The patient navigator model has not been widely implemented in American Indian/Alaska Native (AI/AN) communities, but may be effective in improving cancer outcomes for this population. Subjects were enrolled from eight clinics at Tribes throughout the Northwest (n = 1,187). Four clinics received navigation. Time between abnormal finding and definitive diagnosis was recorded. We examined whether odds of obtaining definitive diagnosis by 60, 90, and 365 days differed between the two groups. The odds of definitive diagnosis within 365 days for navigated subjects was 3.6 times (95% CI, 1.47, 8.88; p = 0.01) the odds for control subjects. The outcome at 60 and 90 days did not significantly differ between the two groups. Our findings indicate that patient navigation did not significantly impact chance of diagnosis by 60 or 90 days from abnormal finding. However, it did improve the chance of avoiding extreme delays in obtaining a definitive diagnosis.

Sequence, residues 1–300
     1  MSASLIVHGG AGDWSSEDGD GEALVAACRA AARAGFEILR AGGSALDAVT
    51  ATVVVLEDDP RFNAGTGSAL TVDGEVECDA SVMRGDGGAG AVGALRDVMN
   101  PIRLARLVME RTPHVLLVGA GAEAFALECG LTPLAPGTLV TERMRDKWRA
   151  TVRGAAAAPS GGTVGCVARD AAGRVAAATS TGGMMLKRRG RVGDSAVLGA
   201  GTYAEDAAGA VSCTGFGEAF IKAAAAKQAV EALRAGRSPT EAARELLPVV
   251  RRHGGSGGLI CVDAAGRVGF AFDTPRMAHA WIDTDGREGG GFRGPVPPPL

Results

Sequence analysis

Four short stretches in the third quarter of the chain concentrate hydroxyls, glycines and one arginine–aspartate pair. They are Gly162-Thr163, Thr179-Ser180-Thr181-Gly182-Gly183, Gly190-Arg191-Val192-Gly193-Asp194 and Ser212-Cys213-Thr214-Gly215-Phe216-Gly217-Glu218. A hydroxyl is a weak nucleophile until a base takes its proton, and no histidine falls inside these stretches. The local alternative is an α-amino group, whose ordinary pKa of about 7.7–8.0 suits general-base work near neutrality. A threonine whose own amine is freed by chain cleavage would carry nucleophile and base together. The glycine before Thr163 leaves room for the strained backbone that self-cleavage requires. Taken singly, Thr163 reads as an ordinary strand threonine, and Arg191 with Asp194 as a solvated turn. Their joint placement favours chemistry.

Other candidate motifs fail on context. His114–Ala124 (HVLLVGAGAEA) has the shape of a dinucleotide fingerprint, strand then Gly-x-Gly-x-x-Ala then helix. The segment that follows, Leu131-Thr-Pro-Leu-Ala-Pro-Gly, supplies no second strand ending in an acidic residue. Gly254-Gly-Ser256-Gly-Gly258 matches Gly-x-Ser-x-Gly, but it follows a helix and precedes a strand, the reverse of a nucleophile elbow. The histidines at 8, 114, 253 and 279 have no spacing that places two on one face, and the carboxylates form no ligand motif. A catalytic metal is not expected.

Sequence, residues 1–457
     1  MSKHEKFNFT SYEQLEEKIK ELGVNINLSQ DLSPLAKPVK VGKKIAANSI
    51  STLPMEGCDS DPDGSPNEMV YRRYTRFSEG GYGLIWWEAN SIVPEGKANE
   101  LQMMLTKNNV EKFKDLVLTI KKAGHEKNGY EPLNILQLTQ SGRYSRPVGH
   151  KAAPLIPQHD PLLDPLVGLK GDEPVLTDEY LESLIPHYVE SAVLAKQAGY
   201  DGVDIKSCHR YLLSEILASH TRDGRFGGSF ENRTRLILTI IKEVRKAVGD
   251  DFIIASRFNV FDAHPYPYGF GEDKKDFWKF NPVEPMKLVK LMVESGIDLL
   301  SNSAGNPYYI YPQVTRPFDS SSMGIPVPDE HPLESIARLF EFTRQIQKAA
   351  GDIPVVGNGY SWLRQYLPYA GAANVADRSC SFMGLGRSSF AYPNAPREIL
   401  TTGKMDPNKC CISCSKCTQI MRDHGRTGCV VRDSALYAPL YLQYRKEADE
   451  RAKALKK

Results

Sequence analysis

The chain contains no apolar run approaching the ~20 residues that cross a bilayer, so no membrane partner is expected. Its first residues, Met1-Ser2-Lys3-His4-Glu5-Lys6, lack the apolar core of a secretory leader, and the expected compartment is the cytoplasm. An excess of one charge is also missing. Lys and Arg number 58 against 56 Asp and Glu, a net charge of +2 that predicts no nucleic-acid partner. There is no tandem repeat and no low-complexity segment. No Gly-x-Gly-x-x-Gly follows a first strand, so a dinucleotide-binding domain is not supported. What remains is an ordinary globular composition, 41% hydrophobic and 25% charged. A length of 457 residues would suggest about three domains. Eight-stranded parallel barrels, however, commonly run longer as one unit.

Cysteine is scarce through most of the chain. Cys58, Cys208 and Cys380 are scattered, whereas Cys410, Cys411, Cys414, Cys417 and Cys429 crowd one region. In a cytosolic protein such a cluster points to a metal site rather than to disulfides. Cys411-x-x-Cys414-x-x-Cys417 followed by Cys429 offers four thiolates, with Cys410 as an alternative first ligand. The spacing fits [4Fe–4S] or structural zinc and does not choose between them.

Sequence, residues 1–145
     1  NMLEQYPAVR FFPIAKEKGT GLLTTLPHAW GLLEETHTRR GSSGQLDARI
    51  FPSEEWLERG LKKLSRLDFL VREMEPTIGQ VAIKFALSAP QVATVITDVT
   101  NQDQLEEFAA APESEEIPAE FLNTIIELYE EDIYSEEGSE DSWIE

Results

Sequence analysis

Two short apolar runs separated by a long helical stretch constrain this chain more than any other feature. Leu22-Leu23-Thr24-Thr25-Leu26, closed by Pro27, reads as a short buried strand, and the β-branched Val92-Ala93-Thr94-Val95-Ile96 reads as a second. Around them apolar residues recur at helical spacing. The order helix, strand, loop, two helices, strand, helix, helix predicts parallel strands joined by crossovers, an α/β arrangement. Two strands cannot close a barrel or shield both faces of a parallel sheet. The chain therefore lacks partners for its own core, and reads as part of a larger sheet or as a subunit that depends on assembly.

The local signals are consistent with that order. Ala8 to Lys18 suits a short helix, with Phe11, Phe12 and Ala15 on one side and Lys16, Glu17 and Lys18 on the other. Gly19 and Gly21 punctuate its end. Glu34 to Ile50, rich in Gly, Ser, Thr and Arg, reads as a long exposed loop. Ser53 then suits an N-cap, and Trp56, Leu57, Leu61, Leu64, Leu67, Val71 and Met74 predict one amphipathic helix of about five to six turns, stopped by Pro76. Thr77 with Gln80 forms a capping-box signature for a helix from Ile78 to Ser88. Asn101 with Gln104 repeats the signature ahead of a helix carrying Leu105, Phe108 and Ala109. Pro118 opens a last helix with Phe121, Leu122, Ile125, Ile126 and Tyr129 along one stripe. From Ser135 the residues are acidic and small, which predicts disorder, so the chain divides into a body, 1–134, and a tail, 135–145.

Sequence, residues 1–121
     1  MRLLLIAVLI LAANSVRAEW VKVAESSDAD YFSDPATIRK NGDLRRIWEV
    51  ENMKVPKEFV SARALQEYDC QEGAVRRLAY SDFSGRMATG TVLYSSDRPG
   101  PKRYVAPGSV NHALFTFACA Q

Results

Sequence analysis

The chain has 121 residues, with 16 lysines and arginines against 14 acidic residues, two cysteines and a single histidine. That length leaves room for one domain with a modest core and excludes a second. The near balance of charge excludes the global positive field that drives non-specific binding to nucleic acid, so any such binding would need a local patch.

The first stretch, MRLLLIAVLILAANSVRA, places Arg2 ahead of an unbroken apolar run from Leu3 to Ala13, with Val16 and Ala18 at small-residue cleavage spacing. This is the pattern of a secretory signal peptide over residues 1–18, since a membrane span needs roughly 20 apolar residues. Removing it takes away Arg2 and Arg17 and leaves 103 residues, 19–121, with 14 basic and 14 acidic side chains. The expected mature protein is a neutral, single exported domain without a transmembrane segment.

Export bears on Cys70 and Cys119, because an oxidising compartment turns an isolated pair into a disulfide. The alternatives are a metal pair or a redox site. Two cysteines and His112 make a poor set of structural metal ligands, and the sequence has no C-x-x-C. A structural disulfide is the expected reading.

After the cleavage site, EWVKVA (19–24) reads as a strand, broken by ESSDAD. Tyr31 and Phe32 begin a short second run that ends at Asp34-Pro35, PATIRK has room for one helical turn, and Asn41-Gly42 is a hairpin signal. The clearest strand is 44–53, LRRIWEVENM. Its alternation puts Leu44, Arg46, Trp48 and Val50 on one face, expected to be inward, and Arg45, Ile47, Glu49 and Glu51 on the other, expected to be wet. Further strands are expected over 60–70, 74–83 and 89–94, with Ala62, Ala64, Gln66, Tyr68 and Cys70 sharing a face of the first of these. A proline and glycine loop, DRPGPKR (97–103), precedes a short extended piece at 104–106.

- American Indian/Alaska Native
- Diagnostic resolution
- Northwest Tribes
- Patient navigation
ASJC Scopus subject areas
- Public Health, Environmental and Occupational Health